How Best to Leverage Trump’s Halt to WHO Funding Over COVID-19 Missteps

COMMENTARY Global Politics

How Best to Leverage Trump’s Halt to WHO Funding Over COVID-19 Missteps

Apr 16th, 2020 2 min read
COMMENTARY BY
Brett D. Schaefer

Senior Research Fellow, International Regulatory Affairs

Brett D. Schaefer is the Jay Kingham Fellow in International Regulatory Affairs at Heritage's Margaret Thatcher Center for Freedom.
Tedros Adhanom Ghebreyesus, director-general of the World Health Organization, at a press conference in Geneva, Switzerland, on March 11, 2020. Xinhua News Agency / Contributor / Getty Images

Key Takeaways

The WHO needs to be held accountable and reformed to prevent repetition of these missteps, but the U.S. should be focused on how best to pursue that goal.

The details of the president’s policy are unclear, particularly with respect to how it will be implemented and its impact.

The U.S. should clarify what it expects of WHO in order to restore U.S. confidence and support in the future.

President Donald Trump announced Tuesday that he is halting funding to the World Health Organization while his administration conducts a review of the U.N. entity’s mismanagement of the response to COVID-19. 

The president is correct in noting that, had China been more transparent and cooperative, many lives could have been saved and economic damage avoided, and that the World Health Organization was too willing to take Chinese assurances at face value and was too slow to respond. 

The WHO needs to be held accountable and reformed to prevent repetition of these missteps, but the U.S. should be focused on how best to pursue that goal.

The details of the president’s policy are unclear, particularly with respect to how it will be implemented and its impact.

The United States is the largest funder of the World Health Organization. According to the WHO, the U.S. provided $893 million, which was 15.9% of total WHO contributions to the 2018-2019 WHO two-year budget through the third quarter of 2019. 

However, due to its budgetary practices, the U.S. pays its assessments to the WHO at the end of the calendar year. In essence, the U.S. pays its calendar year 2019 obligations with funding appropriated by Congress for fiscal year 2020. U.S. payments for 2020 will not be appropriated until later this year. 

Moreover, because of the current crisis, the U.S. likely expedited allocation of its voluntary contributions appropriated for this year.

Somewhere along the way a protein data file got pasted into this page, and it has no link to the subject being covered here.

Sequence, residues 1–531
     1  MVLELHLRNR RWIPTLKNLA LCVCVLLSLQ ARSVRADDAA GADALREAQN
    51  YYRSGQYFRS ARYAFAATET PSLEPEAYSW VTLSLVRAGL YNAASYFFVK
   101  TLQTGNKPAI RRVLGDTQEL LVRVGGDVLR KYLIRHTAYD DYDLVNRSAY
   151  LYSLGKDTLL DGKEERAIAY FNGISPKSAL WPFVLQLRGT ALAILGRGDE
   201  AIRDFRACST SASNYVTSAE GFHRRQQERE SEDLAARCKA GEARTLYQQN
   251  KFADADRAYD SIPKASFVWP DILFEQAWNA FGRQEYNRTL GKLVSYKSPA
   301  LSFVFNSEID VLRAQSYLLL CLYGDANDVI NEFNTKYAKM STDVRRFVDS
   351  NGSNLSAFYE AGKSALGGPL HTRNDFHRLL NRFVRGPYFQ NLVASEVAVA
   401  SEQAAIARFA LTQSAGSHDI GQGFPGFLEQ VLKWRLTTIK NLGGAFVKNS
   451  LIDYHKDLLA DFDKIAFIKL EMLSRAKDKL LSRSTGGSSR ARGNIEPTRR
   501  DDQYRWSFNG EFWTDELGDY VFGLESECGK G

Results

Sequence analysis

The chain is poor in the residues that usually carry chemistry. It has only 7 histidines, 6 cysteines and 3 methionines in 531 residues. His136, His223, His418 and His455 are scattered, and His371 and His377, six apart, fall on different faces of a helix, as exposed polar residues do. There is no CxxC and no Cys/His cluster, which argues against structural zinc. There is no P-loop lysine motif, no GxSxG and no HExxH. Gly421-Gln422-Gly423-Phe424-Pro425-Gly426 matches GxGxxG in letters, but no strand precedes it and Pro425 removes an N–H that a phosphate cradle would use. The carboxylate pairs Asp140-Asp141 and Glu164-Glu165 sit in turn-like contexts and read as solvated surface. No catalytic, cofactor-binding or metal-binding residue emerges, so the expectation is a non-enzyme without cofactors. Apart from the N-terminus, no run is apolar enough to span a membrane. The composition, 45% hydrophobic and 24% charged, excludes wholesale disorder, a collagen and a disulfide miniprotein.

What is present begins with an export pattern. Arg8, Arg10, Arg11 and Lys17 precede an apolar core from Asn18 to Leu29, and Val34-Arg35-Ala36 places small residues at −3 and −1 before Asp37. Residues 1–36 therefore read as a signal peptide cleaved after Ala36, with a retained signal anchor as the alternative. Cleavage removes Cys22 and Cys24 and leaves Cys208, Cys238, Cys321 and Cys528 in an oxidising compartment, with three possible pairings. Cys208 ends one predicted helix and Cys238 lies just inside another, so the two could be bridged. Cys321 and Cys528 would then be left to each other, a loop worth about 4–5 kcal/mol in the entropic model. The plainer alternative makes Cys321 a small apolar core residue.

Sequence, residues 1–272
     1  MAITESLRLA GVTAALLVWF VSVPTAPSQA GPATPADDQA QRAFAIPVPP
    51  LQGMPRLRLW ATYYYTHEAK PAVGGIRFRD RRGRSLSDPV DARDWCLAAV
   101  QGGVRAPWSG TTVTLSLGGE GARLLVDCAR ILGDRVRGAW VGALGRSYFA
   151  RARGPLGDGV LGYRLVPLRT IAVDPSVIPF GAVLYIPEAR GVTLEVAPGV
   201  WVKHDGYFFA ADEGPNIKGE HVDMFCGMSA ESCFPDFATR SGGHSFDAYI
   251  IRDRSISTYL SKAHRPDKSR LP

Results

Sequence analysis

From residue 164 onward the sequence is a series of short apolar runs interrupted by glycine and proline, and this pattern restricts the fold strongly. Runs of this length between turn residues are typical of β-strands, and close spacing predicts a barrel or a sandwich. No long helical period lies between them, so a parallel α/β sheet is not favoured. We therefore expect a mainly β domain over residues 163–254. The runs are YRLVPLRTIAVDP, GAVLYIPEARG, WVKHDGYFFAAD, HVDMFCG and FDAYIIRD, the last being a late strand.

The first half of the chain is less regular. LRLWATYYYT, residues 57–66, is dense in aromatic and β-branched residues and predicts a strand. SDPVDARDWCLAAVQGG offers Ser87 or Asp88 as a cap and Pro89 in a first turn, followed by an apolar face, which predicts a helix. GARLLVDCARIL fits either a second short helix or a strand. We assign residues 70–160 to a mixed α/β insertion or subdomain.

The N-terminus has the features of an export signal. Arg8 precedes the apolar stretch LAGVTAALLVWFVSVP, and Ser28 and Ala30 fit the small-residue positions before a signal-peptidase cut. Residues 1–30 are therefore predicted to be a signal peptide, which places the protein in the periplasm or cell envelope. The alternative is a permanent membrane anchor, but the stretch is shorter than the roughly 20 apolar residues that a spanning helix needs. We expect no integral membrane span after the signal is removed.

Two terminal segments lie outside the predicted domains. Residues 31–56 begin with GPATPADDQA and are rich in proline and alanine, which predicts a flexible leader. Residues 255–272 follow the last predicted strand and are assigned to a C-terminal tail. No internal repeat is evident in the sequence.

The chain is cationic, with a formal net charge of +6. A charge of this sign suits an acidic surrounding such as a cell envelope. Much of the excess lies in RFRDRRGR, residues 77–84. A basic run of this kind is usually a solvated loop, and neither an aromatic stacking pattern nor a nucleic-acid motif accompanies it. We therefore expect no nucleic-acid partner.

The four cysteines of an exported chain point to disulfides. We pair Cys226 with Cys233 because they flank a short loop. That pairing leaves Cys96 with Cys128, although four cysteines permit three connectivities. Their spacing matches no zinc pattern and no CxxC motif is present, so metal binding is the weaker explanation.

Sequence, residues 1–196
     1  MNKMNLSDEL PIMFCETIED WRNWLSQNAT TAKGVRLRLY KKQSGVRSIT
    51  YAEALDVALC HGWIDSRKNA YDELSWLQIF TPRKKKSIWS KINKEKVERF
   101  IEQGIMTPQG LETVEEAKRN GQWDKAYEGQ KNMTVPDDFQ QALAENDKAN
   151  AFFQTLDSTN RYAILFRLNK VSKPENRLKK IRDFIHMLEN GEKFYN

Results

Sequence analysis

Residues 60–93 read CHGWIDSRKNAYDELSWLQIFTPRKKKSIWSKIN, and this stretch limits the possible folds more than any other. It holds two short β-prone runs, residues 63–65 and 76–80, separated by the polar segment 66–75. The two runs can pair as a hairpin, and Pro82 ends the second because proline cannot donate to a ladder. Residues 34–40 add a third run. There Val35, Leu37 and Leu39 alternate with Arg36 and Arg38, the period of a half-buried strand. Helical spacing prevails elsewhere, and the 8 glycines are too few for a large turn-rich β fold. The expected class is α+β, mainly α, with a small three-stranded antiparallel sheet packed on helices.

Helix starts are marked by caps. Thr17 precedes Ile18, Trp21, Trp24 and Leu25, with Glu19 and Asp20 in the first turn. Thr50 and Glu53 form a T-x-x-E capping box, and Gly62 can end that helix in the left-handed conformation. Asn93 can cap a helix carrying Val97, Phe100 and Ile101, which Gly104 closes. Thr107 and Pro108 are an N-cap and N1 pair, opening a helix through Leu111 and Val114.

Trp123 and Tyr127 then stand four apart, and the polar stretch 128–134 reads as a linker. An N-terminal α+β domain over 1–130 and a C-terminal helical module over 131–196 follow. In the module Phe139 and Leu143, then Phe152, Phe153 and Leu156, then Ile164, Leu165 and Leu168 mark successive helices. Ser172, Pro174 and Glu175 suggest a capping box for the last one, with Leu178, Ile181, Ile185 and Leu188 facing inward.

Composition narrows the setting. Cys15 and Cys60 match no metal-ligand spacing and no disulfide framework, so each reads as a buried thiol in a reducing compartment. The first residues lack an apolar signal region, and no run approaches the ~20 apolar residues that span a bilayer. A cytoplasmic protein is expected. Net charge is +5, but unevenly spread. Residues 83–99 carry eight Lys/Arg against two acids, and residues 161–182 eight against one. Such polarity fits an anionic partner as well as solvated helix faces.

In other words, the decision to halt funding might not actually have much of a short-term financial impact on the WHO. 

Perhaps that was the intent of the announcement—not to undermine the WHO’s response in the current crisis, but to signal U.S. dissatisfaction and to use its upcoming funding to leverage reforms. 

But that’s not how it’s being interpreted. Already, other countries have expressed regret or condemnation of the decision. Perhaps the most cynical is China, which is calling on the U.S. to “fulfill its obligations to the World Health Organization.”

To better ensure that the intent of the administration is understood, the State Department should release a fact sheet clarifying what funding the U.S. has provided to the WHO in 2020; what funds will be halted immediately under this policy; and what additional support the U.S. is providing to other international organizations and bilaterally to individual countries to assist them in responding to COVID-19. 

In addition, the U.S. should clarify what it expects of WHO in order to restore U.S. confidence and support in the future. At the very least, the U.S. should demand: 

  • Approval and completion of an independent, external investigation into the WHO response to COVID-19 and the potential influence of China over its decisions. 
  • A thorough review and revision of World Health Organization policies to enable it to respond more quickly to emerging pandemics, which must include full transparency and information-sharing on potential pandemics, automatic approval of visit requests by the WHO’s expert teams, and acknowledgement that travel restrictions are justified in the absence of such cooperation. 
  • Restructuring of the WHO’s financing to concentrate on communicable diseases and responding to international health emergencies. 

These demands are reasonable and justified given recent events and would help focus the World Health Organization on communicable diseases and responding to future international health emergencies, which would benefit every nation.

This piece originally appeared in The Daily Signal